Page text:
October 1, 2009
I recently had a skin biopsy performed by a dermatologist. When the results came in, I asked the receptionist to kindly send me a copy of the biopsy report.
“Are you aware of the $1.77 fee?” she asked. After I fell off my chair, I managed to ask why there is a fee. And why $1.77?
She didn’t have a good answer. She just works there. I considered never going back ever again. But I thought that talking with the dermatologist would be the mature thing to do.
Amazingly, he called back. He explained that some patients have very complicated files, sometimes with hundreds of pages. That surely is a good reason. But I just needed one copy, not hundreds. He could not explain why the fee is $1.77, as opposed to $1.78 or $2.
But he seemed to realize that the fee was a little bit silly, and spontaneously offered to waive the fee “as a professional courtesy.”
Obviously, because Veterinary Practice News is a very generous employer, I could easily have afforded the $1.77 without skipping a meal. The amount is not the issue.
The issue is the concept. In our surgical referral clinic, we routinely render free services to our clients.
“Yes, Ms. Murphy, I would be happy to mail you a copy of Fluffy’s biopsy report so you can show your hairdresser.”
“Of course, Mr. Kennedy, we’ll mail a copy of Jodi’s medical record before you move out of state.”
Never would we consider charging clients for photocopies. After all, I didn’t graduate from Office Depot University. We also “give away” more expensive items, such as copies of digital X-rays on a CD-ROM.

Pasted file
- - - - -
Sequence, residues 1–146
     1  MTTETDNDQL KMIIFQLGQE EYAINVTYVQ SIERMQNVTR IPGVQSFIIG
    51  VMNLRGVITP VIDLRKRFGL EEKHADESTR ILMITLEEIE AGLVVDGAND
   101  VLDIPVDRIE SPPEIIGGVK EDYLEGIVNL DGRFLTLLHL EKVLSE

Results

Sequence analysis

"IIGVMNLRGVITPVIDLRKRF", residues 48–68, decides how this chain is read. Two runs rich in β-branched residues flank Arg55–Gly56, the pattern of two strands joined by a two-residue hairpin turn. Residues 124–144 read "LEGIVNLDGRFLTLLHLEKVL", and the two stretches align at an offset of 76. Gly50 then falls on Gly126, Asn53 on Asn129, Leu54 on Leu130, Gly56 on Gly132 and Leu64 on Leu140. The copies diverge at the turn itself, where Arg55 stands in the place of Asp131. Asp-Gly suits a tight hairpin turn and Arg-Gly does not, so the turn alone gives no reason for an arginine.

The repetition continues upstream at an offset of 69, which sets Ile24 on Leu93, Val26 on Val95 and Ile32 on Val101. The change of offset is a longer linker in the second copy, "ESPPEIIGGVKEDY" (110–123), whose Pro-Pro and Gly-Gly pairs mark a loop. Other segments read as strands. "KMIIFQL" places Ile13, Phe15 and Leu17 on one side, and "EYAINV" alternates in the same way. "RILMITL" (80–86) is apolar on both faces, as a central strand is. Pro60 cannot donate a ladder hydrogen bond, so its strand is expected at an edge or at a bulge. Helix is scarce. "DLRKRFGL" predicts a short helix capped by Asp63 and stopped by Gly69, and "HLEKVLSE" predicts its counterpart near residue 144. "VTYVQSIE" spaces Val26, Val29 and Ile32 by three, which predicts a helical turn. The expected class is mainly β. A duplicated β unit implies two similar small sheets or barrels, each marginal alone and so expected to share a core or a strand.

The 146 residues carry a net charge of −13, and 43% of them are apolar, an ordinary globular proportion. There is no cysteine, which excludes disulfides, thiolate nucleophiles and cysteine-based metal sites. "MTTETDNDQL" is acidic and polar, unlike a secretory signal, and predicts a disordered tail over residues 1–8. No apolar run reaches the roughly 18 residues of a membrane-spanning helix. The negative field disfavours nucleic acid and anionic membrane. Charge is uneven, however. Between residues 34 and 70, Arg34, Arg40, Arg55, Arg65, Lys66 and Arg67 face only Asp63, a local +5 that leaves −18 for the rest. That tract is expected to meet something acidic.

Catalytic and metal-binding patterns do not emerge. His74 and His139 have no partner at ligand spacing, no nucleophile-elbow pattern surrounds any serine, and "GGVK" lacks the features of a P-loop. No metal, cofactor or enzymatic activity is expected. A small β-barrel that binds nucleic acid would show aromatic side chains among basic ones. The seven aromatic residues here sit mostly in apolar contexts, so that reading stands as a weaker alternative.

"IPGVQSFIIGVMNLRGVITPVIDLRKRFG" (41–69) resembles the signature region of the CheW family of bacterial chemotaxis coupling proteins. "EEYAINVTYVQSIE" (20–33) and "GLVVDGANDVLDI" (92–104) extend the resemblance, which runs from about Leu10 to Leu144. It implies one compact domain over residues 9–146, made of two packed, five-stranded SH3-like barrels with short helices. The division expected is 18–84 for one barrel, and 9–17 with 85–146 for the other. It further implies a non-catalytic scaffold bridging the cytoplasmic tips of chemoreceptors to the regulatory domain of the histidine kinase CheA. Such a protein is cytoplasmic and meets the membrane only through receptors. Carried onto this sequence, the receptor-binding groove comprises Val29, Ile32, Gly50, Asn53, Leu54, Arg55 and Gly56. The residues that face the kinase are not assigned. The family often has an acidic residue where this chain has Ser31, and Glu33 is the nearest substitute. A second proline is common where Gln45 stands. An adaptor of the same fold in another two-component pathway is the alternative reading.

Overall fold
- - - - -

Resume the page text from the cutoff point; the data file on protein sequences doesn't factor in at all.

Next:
I asked a couple of hospital managers how they feel about the stupid $1.77 fee. They were a little bit surprised, and agreed that they wouldn’t charge a client for a mere photocopy.
Allyson, my wonderful hospital administrator, kindly asked half a dozen of her colleagues, all at large hospitals. They all said that they wouldn’t charge a client.
What makes us different? We probably have overhead costs similar to physicians, and get supplies from similar stores.
How would you have reacted in a similar situation? Would you have inquired? Would you have paid, no questions asked?
Would you ever consider charging a client for a photocopy? Or for mailing copies of the medical record?
Is a patient worth $1.77, especially in this economy?
By the way, thanks for asking. My biopsy was benign.
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